Aside from the differences in work culture, what has changed in Usoamaka’s daily life? “Absolutely everything,” she says with a laugh. “I’ve lived in a city with 21 million people my entire life. Now I live in Tallinn, with about 400,000 people.”
In addition to the obvious everyday differences, such as the practically nonexistent traffic in Tallinn compared to Lagos, Estonia’s society is a far cry from what Usoamaka was used to back home. “Nigeria is more of a community-based society,” she says. “In Estonia, people love and appreciate their space.” This strong need for personal space caught Usoamaka off guard when she first joined the Jobbatical team. Had she done something to offend her coworkers who were acting all aloof? Nope—they were just Estonian.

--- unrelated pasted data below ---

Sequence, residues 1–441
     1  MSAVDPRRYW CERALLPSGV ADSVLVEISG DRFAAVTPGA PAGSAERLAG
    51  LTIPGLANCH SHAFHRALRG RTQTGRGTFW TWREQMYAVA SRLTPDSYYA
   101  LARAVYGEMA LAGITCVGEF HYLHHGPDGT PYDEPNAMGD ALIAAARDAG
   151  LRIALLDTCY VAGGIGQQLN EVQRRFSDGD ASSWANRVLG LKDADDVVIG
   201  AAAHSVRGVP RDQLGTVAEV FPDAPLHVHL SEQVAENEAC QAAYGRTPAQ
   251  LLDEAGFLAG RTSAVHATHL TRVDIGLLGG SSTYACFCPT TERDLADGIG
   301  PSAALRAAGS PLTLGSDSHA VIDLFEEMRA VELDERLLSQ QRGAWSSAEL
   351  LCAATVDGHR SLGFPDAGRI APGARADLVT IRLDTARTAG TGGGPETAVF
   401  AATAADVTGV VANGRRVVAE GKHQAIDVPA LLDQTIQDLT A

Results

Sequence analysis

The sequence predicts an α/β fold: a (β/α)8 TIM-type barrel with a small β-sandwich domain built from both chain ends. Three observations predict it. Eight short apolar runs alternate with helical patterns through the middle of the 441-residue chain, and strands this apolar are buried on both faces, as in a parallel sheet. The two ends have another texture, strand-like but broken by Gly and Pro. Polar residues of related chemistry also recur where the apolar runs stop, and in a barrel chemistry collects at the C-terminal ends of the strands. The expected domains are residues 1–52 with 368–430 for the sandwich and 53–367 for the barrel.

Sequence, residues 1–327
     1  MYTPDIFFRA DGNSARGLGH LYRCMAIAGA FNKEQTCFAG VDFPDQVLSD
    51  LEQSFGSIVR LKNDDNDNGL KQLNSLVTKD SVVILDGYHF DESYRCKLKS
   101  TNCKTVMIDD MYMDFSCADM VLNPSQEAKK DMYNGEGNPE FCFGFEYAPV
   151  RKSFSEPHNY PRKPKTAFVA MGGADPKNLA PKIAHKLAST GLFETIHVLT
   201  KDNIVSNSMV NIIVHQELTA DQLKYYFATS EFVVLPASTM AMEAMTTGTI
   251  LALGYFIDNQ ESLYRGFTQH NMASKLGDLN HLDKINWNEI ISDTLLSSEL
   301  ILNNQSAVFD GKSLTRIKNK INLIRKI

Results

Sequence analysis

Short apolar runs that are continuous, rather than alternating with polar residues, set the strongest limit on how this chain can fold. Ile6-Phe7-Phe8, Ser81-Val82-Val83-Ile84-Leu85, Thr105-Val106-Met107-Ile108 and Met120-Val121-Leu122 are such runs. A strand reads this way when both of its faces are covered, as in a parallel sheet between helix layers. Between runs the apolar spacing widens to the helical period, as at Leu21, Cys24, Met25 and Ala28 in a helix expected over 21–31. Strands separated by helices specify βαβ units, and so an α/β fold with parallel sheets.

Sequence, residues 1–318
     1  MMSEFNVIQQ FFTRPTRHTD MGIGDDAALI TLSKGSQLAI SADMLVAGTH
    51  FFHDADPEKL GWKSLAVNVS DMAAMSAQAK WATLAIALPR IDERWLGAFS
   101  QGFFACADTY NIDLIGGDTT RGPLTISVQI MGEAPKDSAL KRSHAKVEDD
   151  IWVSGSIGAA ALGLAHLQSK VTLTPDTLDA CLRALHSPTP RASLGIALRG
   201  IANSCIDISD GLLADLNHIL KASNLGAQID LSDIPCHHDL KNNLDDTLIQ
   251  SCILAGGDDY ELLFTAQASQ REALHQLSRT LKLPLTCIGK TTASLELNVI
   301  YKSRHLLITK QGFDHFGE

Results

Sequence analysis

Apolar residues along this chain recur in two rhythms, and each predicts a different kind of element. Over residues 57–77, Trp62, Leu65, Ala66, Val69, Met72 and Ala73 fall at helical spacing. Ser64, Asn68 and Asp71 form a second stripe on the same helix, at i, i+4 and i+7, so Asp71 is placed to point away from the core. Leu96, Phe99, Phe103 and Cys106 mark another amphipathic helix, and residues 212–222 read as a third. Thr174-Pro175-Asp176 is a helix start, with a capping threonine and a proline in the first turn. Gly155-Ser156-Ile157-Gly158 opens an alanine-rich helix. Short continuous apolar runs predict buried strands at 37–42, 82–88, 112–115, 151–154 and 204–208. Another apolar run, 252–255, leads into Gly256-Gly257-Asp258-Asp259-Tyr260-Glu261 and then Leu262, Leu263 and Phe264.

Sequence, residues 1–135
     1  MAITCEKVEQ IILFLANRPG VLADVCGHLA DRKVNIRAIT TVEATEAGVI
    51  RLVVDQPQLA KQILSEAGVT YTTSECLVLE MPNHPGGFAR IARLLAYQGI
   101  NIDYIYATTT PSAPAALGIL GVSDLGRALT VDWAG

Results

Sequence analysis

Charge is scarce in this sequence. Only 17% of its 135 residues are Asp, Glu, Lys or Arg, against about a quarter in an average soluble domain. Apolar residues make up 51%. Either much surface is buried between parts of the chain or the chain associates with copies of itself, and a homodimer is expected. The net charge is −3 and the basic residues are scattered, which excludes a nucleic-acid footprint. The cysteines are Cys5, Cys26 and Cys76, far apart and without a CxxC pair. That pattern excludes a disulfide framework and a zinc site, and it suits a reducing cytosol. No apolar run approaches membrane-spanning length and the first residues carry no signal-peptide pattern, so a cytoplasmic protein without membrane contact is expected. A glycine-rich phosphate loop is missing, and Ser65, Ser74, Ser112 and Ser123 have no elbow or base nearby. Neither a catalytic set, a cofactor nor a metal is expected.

“It can be very confusing to an outsider. But once you realize the world doesn’t revolve around you, you’ll be fine.”
In many ways, then, Estonia and Nigeria are pretty much as different as two countries can be. But did Usoamaka find any unexpected similarities?
“My first month here I’d have said none whatsoever,” she says. “We’re as far apart as heaven and earth, and the Nigerian experience is completely different from the Estonian. And that’s what makes this new chapter in my life exciting. It’s a complete departure from what I’m used to.”
But there is a common thread. “The sense of humor is very similar,” Usoamaka says. “You might not notice at first because people are more reserved in Estonia, but once we’re more familiar, it feels like I’m talking to someone in Lagos.”